The waterless coolant is far more suitable for oldtimers where corrosion is a problem due to a lot of different (and inferior) materials in the coolant circuit or mobile homes which make only a few trips a year. But it is not necessary for an all aluminium modern car (m54 engine is all aluminium as are the radiators, so there is hardly any electrolytic corrosion). Waste of money with potential heat problems.

Just make sure that you flush your system every 4 years or so. Use some compressed air in the coolant hose and set the heater to max to get all the coolant out.

Edited by GuidoK

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Trouble is that these cars come filled with normal "blue" anti-freeze (the type that needs changing every 2 years otherwise it turns acidic and rots the head gasket etc). If you want to switch to long life anti-freeze, you have to ensure that every last little bit of the standard anti-freeze has been removed. There are problems if the two mix together. So you'd have to drain, flush, fill and run several times to get out all the blue stuff.

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I think multiple flushes is a bit exaggerated. Just use some compressed air to blow out any remains is sufficient imho.

My car came with yellow antifreeze btw, but color is no indication for the type of coolant. Every manufacturer uses it's own colors, there's no standard.

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I think multiple flushes is a bit exaggerated. Just use some compressed air to blow out any remains is sufficient imho.

My car came with yellow antifreeze btw, but color is no indication for the type of coolant. Every manufacturer uses it's own colors, there's no standard.

Yeap bang on, colour is no where to tell between glycerol and ethylene...

Trouble is that these cars come filled with normal "blue" anti-freeze (the type that needs changing every 2 years otherwise it turns acidic and rots the head gasket etc). If you want to switch to long life anti-freeze, you have to ensure that every last little bit of the standard anti-freeze has been removed. There are problems if the two mix together. So you'd have to drain, flush, fill and run several times to get out all the blue stuff.

Short or long life does not make a difference if they are both ethylene based, its when you mix glycerol and ethylene it will go like jelly, not good...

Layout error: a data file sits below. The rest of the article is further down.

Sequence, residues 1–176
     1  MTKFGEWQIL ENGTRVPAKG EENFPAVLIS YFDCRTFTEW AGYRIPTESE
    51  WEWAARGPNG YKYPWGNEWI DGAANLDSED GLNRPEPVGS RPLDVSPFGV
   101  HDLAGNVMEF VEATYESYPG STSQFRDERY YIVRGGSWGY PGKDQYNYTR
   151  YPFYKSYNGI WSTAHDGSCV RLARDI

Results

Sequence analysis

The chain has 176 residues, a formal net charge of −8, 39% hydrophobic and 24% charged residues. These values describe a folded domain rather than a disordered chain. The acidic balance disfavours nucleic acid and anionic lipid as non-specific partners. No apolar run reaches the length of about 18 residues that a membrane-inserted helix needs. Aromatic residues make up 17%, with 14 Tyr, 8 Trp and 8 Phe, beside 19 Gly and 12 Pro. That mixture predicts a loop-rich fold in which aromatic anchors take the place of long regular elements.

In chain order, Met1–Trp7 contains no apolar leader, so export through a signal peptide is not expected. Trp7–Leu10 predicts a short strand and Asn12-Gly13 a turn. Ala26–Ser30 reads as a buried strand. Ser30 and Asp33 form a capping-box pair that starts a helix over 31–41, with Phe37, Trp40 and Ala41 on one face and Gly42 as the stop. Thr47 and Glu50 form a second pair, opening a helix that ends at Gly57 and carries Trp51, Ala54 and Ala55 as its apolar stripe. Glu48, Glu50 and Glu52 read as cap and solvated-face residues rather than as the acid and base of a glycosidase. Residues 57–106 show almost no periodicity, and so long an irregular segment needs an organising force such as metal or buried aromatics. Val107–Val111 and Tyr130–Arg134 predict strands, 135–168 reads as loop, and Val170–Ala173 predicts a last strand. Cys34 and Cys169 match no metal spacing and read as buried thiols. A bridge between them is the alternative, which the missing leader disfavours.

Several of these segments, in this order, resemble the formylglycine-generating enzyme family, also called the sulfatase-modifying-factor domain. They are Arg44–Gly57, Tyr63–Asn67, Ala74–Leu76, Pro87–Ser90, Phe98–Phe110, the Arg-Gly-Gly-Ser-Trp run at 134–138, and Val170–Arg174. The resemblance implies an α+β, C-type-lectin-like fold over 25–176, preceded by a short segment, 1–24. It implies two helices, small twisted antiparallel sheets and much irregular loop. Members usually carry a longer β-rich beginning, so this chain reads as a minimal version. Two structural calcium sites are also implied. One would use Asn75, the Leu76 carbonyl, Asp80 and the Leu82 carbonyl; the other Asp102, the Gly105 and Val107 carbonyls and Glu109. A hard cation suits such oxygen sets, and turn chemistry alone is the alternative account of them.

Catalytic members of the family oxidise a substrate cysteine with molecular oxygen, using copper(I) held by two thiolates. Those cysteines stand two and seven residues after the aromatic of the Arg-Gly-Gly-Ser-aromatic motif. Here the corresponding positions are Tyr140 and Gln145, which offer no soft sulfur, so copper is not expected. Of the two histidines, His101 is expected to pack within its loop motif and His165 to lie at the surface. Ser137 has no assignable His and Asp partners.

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Another good write up from the dog there. Some handy hints on the refilling of the cooling system on here too, and I will be needing them soon, as the other day I was under my car changing the engine oil and noticed the bottom of the radiator is bowed like foook!!

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Another good write up from the dog there. Some handy hints on the refilling of the cooling system on here too, and I will be needing them soon, as the other day I was under my car changing the engine oil and noticed the bottom of the radiator is bowed like foook!!

Thanks. Yeah I'd get that done ASAP, the last thing you want is for your car to drop all it's coolant on a long journey!

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^^^^^^^^^^

Absolutely fella!

Id replace the expansion tank while youre there as well.

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Just thought I'd resurrect this guide as it's what I'll be following shortly and seems to be the best one I've found!

Why is it not a sticky anyway?! :D

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thank you and the OP for the info, do you happen to know the torque value for the nuts on the motor mounts themselves? thanks

No sorry, I don't know the torque settings (I assume you're talking about the 4 bolts on the water pump plate?). Was a little while ago that I did this fix on my car but I think I just tightened them up hand tight. I dont imagine the torque setting is that critical as long as you're sensible about it.

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On 19/04/2016 at 21:28, Foxsake said:

Brilliant.. Clear concise.. What level experience for this job?

Sent from my iPhone using Tapatalk

 

So long as youve got 2 hands and half a brain, you'll be fine. Things are never as hard as they seem as long as you give yourself plenty of time.